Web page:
I wish to install Linux with a full disk encryption except for the /boot and swap partitions using Luks. In order to keep storage expandable in the future, I opt for the Luks over LVM scheme. The problem is... how can I install Linux on a Luks-over-LVM during the installation process?

Assuming I use the following disk arrangement:

/dev/sda1 --> /boot
/dev/sda2, sda3 --> vg1 --> lv1 --> luks --> /
/dev/sda4 --> swap

I know how to create a Luks over LVM on an existing system, but just don't know how to put the system on it from the beginning.

Could someone point me to the right direction? Thank you!

  • Which distribution you installing? Some installers possibly support this out of the box.
    – sebasth
    Sep 22, 2017 at 23:03
  • @sebasth I am using CentOS 7. Thank you for the answer and it was very mind opening. I will dig down further for details up to the first reboot. There are plenty tutorials for installing Linux on LVM-over-Luks or Luks alone, but not so much on the other way around. :-(
    – cody
    Sep 23, 2017 at 13:43
  • I haven't installed CentOS in a while, but I think its possible to set up luks-on-lvm using the manual partitioning option in the installer.
    – sebasth
    Sep 23, 2017 at 23:06

1 Answer 1


NOTE: I did not check if Debian installer supports setting up disks in way described in your example. This answer can be applied to other not directly supported configurations as well.

With Debian installer, you should be able to set up the disk layout from shell (Ctrl+Alt+F2). You need to have good understanding how your system works: if you configure disks outside of the installer, you also need to manually configure the installed system with the same parameters (crypttab, kernel modules, lvm, etc.).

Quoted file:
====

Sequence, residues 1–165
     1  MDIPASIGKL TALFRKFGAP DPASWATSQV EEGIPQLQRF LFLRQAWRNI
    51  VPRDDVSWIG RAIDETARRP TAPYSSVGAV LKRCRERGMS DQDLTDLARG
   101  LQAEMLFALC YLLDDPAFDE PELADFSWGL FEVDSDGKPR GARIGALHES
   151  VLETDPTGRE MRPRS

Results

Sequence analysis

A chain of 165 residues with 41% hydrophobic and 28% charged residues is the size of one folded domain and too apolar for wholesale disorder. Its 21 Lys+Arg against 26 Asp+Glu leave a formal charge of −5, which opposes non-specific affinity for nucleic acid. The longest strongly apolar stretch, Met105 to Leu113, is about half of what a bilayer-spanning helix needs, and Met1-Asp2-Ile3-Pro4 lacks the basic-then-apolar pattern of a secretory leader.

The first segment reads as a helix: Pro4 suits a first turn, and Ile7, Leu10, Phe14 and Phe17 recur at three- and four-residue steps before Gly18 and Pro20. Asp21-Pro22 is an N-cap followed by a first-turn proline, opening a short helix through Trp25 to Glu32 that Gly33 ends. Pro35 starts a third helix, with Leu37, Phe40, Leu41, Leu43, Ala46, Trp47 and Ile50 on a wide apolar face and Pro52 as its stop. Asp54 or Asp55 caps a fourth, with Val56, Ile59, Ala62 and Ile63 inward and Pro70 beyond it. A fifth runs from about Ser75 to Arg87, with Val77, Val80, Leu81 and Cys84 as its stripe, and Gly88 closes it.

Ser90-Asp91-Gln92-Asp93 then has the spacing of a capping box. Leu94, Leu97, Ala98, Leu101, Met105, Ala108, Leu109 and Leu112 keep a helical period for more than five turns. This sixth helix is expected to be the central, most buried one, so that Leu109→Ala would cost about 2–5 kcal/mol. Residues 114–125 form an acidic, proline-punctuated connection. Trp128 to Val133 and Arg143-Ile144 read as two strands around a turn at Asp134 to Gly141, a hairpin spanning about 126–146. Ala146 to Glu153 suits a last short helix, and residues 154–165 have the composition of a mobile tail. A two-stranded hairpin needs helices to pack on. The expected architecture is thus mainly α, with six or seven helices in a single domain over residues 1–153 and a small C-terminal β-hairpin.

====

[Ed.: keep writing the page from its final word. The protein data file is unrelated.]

The required LVM and LUKS modules need to be loaded by the installer, easiest way is following the installer to partitioning, select LVM and LUKS, then use <back> to navigate to installer menu. Switch to shell, set up your disks (and possibly filesystems), return to installer and select your created devices as install targets.

After install is complete, you should then verify that initramfs contains everything required to mount the root filesystem before rebooting from installer. You might need to create appropriate crypttab yourself, since the installer wasn't used to set up the encrypted devices.

Your new install is mounted to /target. Use chroot to get access to installed system tools. Initramfs contents can be listed with lsinitramfs <path to initramfs> and generated with update-initramfs -u -k all.

It is also possible to install a Debian system using debootstrap. Essential steps in short: Configure disks, mount devices (and /proc, /sys and /dev), debootstrap, install kernel and grub, configure the system (fstab, crypttab, kernel modules, etc), update-initramfs and reboot.

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